Clean Air Champions: Athletes for the Environment


High Jumper Wanita Dykstra-May says: "I am a Clean Air Champion because I care about the environment. It is our duty to make our world livable (and breathable!) for future generations."

Triathlete Sharon Donnelly says "As an athlete suffering from asthma, I am particularly affected by the quality of air and I have found my condition worsen over the years to the point where my racing and training was compromised. I train and race outdoors and I am totally dependant on the environment around me. Now with a young daughter, my desire to help in the fight to clean our air is greater than ever."

Rower Adam Kreek says: "As an elite level athlete who competes outside on an open body of water, the environment impacts me on a daily basis. Noticing the changes in seasons, the migration of birds, and the alteration of our lake's ecosystem over time has illustrated the interdependence of all beings. For instance, when waterfowl becomes sick and less abundant, there is a direct carry over to the human environment. Not only are diseases transferred, but also as these creatures' environments change, the environment we live in as humans change. The health of these species directly reflects the health of our society. As an athlete who is trying to squeeze the most out of my body, mind, and spirit, personal and environmental health becomes an intrinsic personal value." (rowers are so articulate!)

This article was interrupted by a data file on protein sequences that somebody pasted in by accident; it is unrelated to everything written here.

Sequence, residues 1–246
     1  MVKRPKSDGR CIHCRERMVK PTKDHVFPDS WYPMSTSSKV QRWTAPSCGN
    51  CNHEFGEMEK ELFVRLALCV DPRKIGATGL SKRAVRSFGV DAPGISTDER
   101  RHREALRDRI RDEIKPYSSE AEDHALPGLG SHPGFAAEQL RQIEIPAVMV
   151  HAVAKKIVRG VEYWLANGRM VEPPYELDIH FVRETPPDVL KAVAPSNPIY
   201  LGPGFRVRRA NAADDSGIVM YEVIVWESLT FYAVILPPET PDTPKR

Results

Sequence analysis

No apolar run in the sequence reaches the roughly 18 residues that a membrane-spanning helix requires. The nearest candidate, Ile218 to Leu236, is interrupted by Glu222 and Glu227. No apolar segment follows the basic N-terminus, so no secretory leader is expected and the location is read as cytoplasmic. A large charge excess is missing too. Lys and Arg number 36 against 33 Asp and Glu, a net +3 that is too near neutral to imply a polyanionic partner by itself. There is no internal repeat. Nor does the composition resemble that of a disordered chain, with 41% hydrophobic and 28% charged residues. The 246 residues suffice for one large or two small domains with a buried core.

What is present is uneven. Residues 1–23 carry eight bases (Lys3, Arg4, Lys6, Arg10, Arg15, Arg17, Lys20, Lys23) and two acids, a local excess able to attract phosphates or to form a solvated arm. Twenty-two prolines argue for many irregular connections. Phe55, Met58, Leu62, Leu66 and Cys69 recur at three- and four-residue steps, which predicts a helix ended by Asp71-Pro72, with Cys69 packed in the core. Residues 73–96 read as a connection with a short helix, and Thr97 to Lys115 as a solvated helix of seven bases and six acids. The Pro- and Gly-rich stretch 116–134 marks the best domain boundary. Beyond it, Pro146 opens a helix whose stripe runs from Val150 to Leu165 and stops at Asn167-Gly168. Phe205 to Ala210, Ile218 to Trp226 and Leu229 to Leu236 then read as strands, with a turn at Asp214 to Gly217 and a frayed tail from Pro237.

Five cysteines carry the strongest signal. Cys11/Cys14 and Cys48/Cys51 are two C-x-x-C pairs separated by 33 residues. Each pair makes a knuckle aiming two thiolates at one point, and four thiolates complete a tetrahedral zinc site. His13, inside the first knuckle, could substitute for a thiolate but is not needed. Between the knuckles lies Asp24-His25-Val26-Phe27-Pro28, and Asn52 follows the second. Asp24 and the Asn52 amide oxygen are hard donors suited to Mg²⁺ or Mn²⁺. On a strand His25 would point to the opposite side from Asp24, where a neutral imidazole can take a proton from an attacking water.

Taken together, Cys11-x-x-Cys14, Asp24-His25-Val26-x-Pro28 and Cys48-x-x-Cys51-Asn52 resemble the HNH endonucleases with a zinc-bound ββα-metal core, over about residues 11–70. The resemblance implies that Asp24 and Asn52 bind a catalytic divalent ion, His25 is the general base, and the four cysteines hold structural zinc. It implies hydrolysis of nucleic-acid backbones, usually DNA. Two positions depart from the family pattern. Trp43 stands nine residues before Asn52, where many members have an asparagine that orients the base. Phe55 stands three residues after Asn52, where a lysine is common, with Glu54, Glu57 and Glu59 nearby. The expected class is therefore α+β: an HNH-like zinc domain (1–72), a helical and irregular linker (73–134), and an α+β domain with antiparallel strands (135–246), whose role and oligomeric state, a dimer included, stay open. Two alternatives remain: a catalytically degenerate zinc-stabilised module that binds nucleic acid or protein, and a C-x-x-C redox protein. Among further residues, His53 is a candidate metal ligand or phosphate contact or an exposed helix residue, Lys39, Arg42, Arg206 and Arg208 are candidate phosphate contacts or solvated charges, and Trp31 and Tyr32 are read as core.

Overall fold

They all are part of an organization of Canadian athletes participating in Clean Air Champions, whose mission" is to improve air quality by working with respected athletes to motivate and educate Canadians to adopt practices and lifestyles that enhance both environmental and personal health." they point out that "The large percentage of the population that is active is at higher risk from air pollution for several reasons. People who exercise inhale more volume per minute than the average sedentary person does. During physical activity, air is inhaled more deeply carrying pollutants farther into the lungs. Even more importantly, it is often taken in through the mouth, eliminating the benefits of purification in the nasal passage."

What a good idea- role models teaching the public about the effects of polution on all of us. Too bad the new Conservative government in Canada cut back their funding. ::Clean Air Champions

Listen to an eposode of the CBC's inside track on athletes and sustainability.